One way or another, only 22% of respondents, in total, indicated that they would be willing to put up the kind of money necessary to pay for a course of either cetuximab or Avastin as a top-up. I would also strongly suspect that, particularly amongst the DEs, the 13% who said they would be willing to put up that kind of money is rather more than than the number who would actually be in a position to cough up that kind of cash in reality, not least as I think it very likely that quite a few of the DEs who, in answering the poll, put a high value on their health did so while vastly under-estimating how difficult it would be to raise that kind of cash in reality. A fair conjecture would be that the thinking amongst those individuals, aside from being a little wishful, might well centre on the possibility of selling or remortgaging the house, a train of thought that would, in practice, be quickly derailed no soon as its came to the question of quite how they would convince anyone to loan them money when they may only have a few months to live. There’s sub-prime and there’s sub-prime and dying of cancer is, I’m afraid, about a sub-prime as it gets.
Once you burrow into the detail, much of what you find comes as no great surprise – older people, especially the over 55’s are more likely to take the view that the NHS should pick up the entire tab for treatment, while the age groups most likely to stump up the most top-up money are the 25-34 and 35-44 groups, those who are most likely to have children and who, therefore, see themselves as having the most reason to hang on to life for as long as possible in order to see their kids safely through into adulthood. These are entirely predictable patterns and, to a considerable extent, fairly meaningless, unless you’re trying to spin an argument…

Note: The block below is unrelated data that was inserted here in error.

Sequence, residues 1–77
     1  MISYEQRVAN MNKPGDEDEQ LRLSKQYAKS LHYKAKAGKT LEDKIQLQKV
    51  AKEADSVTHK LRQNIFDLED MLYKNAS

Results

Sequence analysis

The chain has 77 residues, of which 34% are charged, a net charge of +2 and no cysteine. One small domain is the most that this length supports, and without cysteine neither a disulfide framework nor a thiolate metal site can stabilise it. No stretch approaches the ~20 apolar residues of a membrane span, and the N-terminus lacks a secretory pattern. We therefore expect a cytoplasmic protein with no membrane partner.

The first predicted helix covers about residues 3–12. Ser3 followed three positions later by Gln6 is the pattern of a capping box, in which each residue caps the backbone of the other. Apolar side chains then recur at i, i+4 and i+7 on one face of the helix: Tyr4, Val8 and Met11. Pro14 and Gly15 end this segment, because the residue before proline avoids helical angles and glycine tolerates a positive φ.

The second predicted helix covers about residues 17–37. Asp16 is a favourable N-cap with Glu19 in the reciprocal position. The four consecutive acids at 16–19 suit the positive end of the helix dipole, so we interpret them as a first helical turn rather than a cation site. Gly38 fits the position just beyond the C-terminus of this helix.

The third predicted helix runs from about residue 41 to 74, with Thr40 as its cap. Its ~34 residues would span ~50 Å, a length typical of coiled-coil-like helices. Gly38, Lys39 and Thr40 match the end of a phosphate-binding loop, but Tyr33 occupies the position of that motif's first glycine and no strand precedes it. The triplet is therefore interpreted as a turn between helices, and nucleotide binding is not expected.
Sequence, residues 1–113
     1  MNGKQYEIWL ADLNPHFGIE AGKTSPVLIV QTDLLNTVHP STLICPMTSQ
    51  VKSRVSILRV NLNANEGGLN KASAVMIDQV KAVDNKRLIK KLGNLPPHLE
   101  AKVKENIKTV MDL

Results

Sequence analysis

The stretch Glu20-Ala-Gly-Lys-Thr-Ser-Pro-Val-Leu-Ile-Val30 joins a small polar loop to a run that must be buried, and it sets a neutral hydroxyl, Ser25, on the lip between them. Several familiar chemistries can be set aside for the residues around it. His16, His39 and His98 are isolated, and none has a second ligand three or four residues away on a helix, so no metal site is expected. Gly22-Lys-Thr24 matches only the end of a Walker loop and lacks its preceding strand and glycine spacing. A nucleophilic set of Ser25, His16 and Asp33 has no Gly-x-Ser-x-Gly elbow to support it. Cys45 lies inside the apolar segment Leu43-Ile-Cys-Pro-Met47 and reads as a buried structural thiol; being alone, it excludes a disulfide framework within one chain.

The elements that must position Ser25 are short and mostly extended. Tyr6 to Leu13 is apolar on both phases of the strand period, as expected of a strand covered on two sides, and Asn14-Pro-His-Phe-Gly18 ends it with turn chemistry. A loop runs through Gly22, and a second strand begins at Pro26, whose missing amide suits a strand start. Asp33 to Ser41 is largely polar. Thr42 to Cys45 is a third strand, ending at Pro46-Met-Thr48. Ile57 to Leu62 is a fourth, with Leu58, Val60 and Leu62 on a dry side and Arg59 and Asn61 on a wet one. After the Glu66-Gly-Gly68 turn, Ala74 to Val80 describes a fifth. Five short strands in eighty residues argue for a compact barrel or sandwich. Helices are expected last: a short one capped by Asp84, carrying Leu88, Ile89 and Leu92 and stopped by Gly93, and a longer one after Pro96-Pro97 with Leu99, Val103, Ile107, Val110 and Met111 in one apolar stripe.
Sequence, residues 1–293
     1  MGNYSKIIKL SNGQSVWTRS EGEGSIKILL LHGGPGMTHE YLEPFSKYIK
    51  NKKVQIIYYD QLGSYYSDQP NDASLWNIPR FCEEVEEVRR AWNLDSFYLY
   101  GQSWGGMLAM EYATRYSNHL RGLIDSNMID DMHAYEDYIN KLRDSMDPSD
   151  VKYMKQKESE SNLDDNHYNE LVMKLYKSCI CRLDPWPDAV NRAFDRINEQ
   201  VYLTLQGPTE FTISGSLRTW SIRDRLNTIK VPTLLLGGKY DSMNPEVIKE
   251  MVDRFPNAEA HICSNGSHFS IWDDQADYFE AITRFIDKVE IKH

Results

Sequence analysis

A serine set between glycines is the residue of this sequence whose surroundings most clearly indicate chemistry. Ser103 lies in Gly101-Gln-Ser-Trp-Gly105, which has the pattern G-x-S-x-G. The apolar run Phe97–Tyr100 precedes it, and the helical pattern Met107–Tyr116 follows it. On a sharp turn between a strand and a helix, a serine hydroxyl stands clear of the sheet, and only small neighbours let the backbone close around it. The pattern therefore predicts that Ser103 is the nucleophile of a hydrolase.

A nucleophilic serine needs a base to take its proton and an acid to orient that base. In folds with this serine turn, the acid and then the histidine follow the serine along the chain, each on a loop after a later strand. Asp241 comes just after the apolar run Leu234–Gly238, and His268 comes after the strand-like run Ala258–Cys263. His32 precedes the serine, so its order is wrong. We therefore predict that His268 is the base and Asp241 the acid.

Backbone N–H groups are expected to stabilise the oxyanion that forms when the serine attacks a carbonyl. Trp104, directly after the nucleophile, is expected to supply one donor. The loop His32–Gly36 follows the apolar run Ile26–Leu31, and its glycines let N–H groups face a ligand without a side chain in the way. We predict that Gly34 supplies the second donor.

There are also differences in opinion between age groups which suggest that support for the DFR campaign will grow over time:
– Younger voters strongly support the campaign. Of 25-34 year-olds, 63 per cent support top-up and only 30 per cent think that the NHS should pay for everything. For 18-24 year-olds, the respective figures are 48 per cent and 40 per cent.
– And more young people would top-up than the average. Of 25-34 year-olds, 41 per cent would pay more than £10,000. 35 per cent of 18-24 year-olds would.
Well, of course they would, after all the younger you are the more you would feel that you would have to lose should you be faced with a life-threatening illness, particularly if you have children to bring up.
That said, it doesn’t automatically follow that this will translate automatically into a growth in support for this campaign over time. Attitudes change as you get older and the person who at 30 would have given pretty much everything to stay alive to see the children safely into adulthood may quite easily come to think, at 65, that they’ve had a decent innings and achieved what they set out achieve in life and be largely unphased by the prospect of their impending demise. There’s an aphorism whose source and exact wording I can’t recall but which goes something along the line of:
To suspect your own mortality is to know the beginning of fear. To know that you are mortal is to know its end.
I must admit I’ve got a vague notion that I might have first run across this in one of Frank Herbert’s Dune novels, which many might consider gives it a doubtful provenance but I dare say that if it is one of his then its something he blagged from somewhere else, with something like the Bhagavad Gita, one of the Buddhist Sutras or perhaps the Tao-Te-Ching being the likely original source. Exactly where it comes from is, perhaps, unimportant as it does seem to me to express an important and somewhat universal idea, that as people get older many of them get over their fear of dying or at least come to terms with the idea that they’ll die at some point in the future and will modify their worldview accordingly, which is rather the opposite of what Doctors for Reform are trying to suggest.